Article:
My favorite part of the Seattle Planning Commission's new report is its title: Seattle Transit Communities. Good on them for having the sense to jettison the clunky word "oriented" from the more commonly used planning term "transit-oriented communities."
But yes, the report has a lot more than that to offer in terms of wholesome plannery goodness. In brief, the report identifies 41 transit community sites in Seattle (mapped above), outlines funding and implementation strategies, and finally, makes recommendations, including those for several specific transit community locations. Overall, the report is a much-needed synthesis of the opportunities and challenges (and a nice companion piece to this).
The Planning Commission will officially launch the report at a public presentation this Tuesday, November 16th, 5:30 pm at the Pyramid Alehouse, on 1st Ave across the street from Safeco Field. Beware of inebriated nerds if you do attend.
And now, for the intrepid among you, some wonky reactions and ramblings follow below.
The Seattle Transit Communities (STC) report defines a transit community as a place in which "people can walk, bike, or take transit from their homes to accomplish many of their daily activities including getting to work or school, picking up groceries, or going out to a restaurant or a special event."
What strikes me about this definition is that it avoids any mention of density, which is the most fundamental ingredient of communities with reduced car-dependence. Without sufficient density, transit cannot operate efficiently, and travel distances become to great for walking. Yet the STC report seems to tiptoe around the subject throughout.
Of course in Seattle, as in the majority of the U.S, visions of pristine picket-fenced lawns contrasted with scary, dirty cities still permeate the cultural consciousness, and density can be a radioactive topic. So on one hand, it may be a smart advocacy strategy to de-emphasize density's importance. On the other hand, it's hard to imagine how we'll ever make real progress if we can't talk about the core issue in a straightforward way.
While it's great that the STC report spells out such an extensive list of strategies and actions, I was disappointed to see so much of the non-committal verbiage typical of planning documents, such as "consider" and "encourage." For example, the recommendation to "consider zoning to allow building heights above 85 feet close to the transit stops," would carry much more weight if "consider" was replaced with "implement." Or how about changing "may not be" to "is not" in this non-statement: "emphasis on the protection of single family zoning may not be appropriate in transit-rich areas."
These criticisms may seem nit-picky, but I make them in the context of the "Seattle process"---that is, the tendency to consider issues to death, coupled with a timidity when it comes to enacting bold policy. And the recent history of planning for transit and development in Seattle is a textbook example.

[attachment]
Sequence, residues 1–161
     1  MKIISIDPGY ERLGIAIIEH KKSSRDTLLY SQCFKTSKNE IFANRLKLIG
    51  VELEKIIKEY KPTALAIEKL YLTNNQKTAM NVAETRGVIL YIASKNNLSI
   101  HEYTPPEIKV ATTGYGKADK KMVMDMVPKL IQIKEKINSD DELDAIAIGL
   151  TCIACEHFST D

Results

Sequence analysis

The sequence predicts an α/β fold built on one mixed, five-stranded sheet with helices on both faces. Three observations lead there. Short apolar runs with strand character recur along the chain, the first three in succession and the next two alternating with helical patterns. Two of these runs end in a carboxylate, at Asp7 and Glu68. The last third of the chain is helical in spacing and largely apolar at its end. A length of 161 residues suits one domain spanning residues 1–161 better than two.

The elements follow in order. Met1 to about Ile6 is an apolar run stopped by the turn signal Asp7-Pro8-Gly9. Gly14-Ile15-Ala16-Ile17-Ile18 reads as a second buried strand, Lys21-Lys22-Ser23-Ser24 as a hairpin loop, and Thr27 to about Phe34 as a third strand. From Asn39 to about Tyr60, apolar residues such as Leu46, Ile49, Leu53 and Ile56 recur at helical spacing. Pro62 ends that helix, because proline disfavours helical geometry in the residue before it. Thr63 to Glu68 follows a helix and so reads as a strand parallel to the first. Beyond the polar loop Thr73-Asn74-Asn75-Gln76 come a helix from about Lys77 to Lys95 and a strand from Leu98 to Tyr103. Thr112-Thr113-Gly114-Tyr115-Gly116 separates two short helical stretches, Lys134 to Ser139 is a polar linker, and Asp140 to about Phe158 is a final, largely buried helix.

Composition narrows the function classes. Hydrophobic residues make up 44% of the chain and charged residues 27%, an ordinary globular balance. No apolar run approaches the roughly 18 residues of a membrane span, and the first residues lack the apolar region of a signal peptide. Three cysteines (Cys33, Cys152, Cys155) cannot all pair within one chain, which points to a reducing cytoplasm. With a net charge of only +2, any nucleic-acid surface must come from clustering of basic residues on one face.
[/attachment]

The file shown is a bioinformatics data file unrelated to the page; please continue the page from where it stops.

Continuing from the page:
The city conducted station area planning a decade ago, and made plan updates to three station area neighborhoods last year, but these efforts were not nearly robust enough to catalyze meaningful investment and development. And so it should have come as no surprise that when Sound Transit Link light rail opened in 2009, not a single significant new development was on the ground in any of the station areas outside of downtown. We now have one development in construction at Othello, and another in the works at Mt. Baker. But for the most part, the five light rail stations in southeast Seattle are a total embarrassment in terms of being optimum transit communities.
For an example of planning done right, we need look no further than across Lake Washington, where the City of Bellevue conducted an award-winning planning process for the Bel-Red corridor. Cities from Denver to Los Angeles to Portland to Silver Spring, MD are similarly all over it.
If Seattle ever hopes to create real transit communities and enjoy all the social, economic, and environmental benefits they can provide, at some point the city is going to have to stop considering and start doing.
Do what? Well, to take one example, how about accepting that since there will never be a thriving transit community around Mt. Baker Station with the current Rainier Ave cutting a gaping gash through the middle of it, the City will have to make a significant investment to remake and tame that street for people. The time to have done that was before the trains started running, but better late than never.
On the city-wide scale, I believe what's called for is something along the lines of a new Transit Community District Overlay that would supersede other land use regulations. In accordance with the agreed-upon importance of creating transit communities, designated Transit Community Districts would get special treatment through a variety of means that might include:
- priority funding for infrastructure and amenities
- accelerated, focused planning, along with fast-track approval
- form-based codes
- "planned actions"
- fast-track permitting (for projects that aren't underdeveloped)
- more stringent affordability requirements combined with enhanced affordable housing subsidies through sources like the Housing Levy
- programs to preserve and support small, independent businesses
It would cost money. But over the long term, such investments would pay back many times over by facilitating the creation of living options that increasing numbers of people desire, while at the same time reducing the region's ecological footprint.